Immediate Postoperative Radiographs After Shoulder Arthroplasty Are Often Poor Quality and Do Not Alter Care

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Abstract

Background

It is technically difficult to obtain high-quality, postoperative shoulder radiographs immediately after surgery. Further, poor-quality radiographs may be unlikely to change clinical practice or improve patient outcomes. We therefore questioned the value of routine postoperative radiographs after shoulder arthroplasty.

Questions/Purposes

We asked whether (1) postanesthesia care unit (PACU) radiographs can reasonably serve as a baseline for future studies; and (2) routine PACU radiographs change clinical care. (3) We also determined the charges associated with routine PACU radiographs and formal radiographic interpretation of these images.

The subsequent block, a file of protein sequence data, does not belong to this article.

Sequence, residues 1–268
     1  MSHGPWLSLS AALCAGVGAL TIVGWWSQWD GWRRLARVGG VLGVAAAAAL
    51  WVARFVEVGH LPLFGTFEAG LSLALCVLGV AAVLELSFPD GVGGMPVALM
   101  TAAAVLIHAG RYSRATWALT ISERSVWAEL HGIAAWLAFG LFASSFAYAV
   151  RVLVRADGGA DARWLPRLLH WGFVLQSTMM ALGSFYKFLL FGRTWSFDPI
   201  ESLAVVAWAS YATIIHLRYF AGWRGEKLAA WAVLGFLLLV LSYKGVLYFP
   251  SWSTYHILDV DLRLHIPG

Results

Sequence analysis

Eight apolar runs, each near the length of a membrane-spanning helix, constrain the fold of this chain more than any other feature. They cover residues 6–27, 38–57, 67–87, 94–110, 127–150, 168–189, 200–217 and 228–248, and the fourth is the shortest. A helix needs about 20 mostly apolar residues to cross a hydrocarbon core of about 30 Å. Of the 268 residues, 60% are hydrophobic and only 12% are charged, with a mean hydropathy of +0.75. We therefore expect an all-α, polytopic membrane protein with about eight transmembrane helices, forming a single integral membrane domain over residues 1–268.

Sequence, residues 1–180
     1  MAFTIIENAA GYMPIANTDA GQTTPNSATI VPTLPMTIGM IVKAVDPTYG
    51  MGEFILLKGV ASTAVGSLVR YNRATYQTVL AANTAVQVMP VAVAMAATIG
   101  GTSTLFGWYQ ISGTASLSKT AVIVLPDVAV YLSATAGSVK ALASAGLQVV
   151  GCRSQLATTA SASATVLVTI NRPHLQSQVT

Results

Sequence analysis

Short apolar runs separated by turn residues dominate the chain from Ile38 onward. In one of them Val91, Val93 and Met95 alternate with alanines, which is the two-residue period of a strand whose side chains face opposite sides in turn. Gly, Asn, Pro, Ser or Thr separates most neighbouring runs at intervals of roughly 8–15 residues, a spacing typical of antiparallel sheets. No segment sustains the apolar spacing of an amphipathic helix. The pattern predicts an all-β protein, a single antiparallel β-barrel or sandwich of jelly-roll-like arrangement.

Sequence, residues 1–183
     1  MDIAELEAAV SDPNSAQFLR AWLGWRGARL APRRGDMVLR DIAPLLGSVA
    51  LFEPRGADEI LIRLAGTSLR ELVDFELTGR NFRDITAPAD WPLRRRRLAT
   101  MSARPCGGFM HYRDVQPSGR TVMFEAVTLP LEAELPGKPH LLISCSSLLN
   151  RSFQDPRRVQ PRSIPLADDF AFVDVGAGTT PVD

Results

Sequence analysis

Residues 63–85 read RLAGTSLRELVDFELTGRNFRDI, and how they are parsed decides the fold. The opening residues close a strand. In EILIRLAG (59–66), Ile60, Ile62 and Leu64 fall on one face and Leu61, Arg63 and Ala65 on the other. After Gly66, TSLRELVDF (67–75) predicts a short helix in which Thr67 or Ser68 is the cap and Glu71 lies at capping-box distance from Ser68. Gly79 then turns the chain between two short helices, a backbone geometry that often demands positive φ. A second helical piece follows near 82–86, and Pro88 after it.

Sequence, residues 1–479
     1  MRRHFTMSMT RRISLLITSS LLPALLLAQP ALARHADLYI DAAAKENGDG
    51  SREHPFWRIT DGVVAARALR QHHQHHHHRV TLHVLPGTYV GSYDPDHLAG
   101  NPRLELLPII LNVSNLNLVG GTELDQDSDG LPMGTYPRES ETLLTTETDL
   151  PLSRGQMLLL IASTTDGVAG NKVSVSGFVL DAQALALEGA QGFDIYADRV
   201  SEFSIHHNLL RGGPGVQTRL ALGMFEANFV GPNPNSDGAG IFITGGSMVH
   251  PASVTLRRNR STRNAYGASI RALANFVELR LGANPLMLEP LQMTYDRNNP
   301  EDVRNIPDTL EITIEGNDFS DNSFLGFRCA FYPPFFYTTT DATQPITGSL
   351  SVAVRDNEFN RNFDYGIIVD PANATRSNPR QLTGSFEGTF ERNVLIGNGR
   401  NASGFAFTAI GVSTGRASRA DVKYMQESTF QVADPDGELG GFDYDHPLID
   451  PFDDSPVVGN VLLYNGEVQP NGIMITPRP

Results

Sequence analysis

Methods

We retrospectively compared the radiographs of 283 patients who had shoulder arthroplasties (Group 1) who underwent PACU radiographs with those of 241 patients (Group 2) who had their first postoperative radiographs at a later date. Radiographs were compared for quality, ability to serve as a baseline, and their influence on clinical course. Orthopaedic evaluation of each radiograph and the radiographic report were compared and charges were analyzed.

Results

All images in Group 1 were single-view radiographs (88% internal rotation), most were underpenetrated (71%); no images changed postoperative management or were considered adequate to serve as a baseline. Group 2 radiographs were multiview radiographs, and 83% were deemed adequate to serve as baseline radiographs. Radiographic interpretation of immediate postoperative radiographs did not change the clinical course or treatment. The charges billed from radiographic evaluation in this study were $64,524 for Group 1.

Conclusions

Routine PACU radiographs, in the absence of a specific indication, may result in poor-quality images. Elimination of these radiographs and radiographic interpretation after shoulder arthroplasty may reduce charges without changing clinical care.

Level of Evidence

Level III, diagnostic study. See Guidelines for Authors for a complete description of levels of evidence.

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